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    Business Connectivity Services (BCS) for SharePoint 2010 builds on the technology of the Business Data Catalog first introduced in SharePoint 2007.  It provides the ability to connect SharePoint to external data sources of all kinds, including but not limited to, other database systems, Customer Relationship Management (CRM) systems, ERP systems. BCS provides a developer with a means of pre-defining all the information needed by an application to connect with and manipulate this external data through External Content Types (ECT). The most important aspect of ECTs is that once the developer creates it, the ECT will be available for use by SharePoint users to connect and use the external systems without knowing any code.

    The following diagram displays a high-level overview of how the components of BCS all work together.

    Business Connectivity Services provides mechanisms to enable experienced users, developers, and business unit IT professionals to do the following much more easily:

    • Reveal external data from enterprise applications and Web 2.0 services in Microsoft SharePoint Foundation 2010, SharePoint Server 2010, and in rich client Office applications.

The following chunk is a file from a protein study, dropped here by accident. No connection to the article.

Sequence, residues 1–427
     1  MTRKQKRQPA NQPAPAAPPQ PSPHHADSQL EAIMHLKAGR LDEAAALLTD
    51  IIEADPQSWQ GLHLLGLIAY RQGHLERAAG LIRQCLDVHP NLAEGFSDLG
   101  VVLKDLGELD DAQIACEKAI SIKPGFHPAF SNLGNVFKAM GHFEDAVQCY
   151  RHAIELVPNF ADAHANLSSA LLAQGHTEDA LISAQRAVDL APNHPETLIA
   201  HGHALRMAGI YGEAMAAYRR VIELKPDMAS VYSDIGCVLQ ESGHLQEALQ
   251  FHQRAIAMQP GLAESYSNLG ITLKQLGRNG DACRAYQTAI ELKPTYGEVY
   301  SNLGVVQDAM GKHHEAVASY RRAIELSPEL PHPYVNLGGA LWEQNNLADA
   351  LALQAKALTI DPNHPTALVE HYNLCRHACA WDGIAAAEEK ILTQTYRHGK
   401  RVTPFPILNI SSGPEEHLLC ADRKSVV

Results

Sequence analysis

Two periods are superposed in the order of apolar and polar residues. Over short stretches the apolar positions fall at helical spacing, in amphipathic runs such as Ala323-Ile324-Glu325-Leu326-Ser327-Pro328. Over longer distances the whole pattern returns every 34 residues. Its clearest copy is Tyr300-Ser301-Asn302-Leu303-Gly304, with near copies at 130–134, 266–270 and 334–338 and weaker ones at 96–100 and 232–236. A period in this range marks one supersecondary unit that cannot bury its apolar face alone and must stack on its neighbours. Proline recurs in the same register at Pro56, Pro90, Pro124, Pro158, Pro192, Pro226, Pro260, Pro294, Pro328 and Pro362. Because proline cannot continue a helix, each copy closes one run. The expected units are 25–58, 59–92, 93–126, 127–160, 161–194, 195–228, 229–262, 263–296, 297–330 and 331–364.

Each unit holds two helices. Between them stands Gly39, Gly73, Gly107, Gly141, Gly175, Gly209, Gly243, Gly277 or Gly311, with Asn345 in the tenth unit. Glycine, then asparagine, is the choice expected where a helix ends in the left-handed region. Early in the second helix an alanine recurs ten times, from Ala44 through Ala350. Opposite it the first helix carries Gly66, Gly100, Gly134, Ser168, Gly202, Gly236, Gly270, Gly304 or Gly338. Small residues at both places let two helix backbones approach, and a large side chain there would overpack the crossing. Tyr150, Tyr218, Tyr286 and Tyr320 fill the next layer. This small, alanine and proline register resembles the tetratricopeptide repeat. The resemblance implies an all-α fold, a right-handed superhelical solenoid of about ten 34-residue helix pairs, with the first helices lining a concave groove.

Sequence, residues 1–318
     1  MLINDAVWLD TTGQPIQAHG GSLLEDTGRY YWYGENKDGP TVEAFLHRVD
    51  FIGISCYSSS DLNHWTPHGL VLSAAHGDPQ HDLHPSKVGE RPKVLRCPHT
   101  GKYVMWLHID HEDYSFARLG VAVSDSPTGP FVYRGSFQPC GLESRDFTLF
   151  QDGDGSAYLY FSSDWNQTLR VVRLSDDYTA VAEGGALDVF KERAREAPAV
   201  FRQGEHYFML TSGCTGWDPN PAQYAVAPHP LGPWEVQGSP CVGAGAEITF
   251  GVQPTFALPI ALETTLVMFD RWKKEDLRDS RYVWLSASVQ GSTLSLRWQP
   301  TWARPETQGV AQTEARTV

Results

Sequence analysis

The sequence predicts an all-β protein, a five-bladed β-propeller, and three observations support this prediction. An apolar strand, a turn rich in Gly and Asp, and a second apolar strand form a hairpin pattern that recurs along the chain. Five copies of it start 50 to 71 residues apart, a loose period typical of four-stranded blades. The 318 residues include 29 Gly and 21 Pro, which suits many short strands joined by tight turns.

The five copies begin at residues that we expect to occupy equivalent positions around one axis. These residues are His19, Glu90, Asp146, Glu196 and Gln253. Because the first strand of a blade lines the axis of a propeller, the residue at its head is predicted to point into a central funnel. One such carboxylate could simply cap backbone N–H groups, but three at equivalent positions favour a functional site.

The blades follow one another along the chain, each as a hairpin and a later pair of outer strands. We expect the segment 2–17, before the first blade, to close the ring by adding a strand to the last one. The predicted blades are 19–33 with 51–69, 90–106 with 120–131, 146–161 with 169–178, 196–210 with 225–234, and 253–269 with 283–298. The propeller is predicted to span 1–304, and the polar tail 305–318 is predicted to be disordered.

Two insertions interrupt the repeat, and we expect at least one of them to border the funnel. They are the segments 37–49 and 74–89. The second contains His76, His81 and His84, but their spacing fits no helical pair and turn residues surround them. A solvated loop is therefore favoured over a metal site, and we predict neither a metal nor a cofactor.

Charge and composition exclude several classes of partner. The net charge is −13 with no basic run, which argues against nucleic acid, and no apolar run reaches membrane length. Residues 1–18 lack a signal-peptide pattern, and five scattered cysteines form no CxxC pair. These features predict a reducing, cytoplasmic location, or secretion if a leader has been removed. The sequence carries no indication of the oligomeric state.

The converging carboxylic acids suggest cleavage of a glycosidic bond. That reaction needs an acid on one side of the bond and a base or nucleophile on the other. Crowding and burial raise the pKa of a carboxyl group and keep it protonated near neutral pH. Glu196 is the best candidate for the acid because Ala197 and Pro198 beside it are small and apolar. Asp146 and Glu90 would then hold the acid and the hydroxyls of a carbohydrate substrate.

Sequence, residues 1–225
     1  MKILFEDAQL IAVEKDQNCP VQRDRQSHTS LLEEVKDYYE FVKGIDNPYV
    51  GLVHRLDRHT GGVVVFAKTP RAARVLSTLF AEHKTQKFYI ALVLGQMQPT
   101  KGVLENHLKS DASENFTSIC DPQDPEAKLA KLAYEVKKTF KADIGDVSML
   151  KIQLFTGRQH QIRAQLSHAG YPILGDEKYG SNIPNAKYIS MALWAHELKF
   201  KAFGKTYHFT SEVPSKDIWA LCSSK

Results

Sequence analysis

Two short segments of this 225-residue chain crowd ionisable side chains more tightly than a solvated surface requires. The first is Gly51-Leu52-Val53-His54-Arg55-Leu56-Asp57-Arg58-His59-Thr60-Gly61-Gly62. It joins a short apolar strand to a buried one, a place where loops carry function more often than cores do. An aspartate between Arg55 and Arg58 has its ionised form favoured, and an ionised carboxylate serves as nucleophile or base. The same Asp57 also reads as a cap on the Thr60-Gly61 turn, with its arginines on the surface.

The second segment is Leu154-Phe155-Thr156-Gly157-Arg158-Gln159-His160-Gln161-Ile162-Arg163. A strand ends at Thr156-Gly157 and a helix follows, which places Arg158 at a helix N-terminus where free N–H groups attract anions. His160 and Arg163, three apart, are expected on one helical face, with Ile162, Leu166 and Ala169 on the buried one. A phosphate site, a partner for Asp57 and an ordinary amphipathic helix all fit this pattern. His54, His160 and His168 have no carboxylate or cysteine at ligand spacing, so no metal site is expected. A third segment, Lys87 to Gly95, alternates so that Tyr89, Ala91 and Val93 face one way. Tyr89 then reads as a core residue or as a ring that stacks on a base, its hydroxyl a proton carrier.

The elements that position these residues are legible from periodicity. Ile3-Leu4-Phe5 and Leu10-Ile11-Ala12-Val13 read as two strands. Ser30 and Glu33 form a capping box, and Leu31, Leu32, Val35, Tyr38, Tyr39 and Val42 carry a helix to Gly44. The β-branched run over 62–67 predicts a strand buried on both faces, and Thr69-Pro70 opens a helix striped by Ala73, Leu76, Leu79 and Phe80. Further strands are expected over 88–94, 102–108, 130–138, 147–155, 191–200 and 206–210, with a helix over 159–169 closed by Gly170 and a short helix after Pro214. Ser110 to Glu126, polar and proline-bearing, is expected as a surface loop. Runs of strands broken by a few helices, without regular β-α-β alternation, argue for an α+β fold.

• Provide Office Type behaviors (such as contacts, tasks, appointments) and capabilities to external data and services.
    • Provide complete interaction with the data including write-back capabilities from Office applications and SharePoint Server to the underlying external system data and business objects.
    • Enable offline use of external data and processes.
    • Bridge the unstructured world of documents and people and the appropriate structured data that is locked in external systems.

    Business Connectivity Services is included in Microsoft SharePoint Foundation 2010, SharePoint Server, and Office 2010. However, the feature set and the capabilities differ in each, as shown in the following figure.

    For more information on BCS, see Business Connectivity Services Overview, Understanding Business Connectivity Services, and Business Connectivity Services Fundamentals.

    SharePoint Business Connectivity Services High Level Architecture

  • SharePoint in Pictures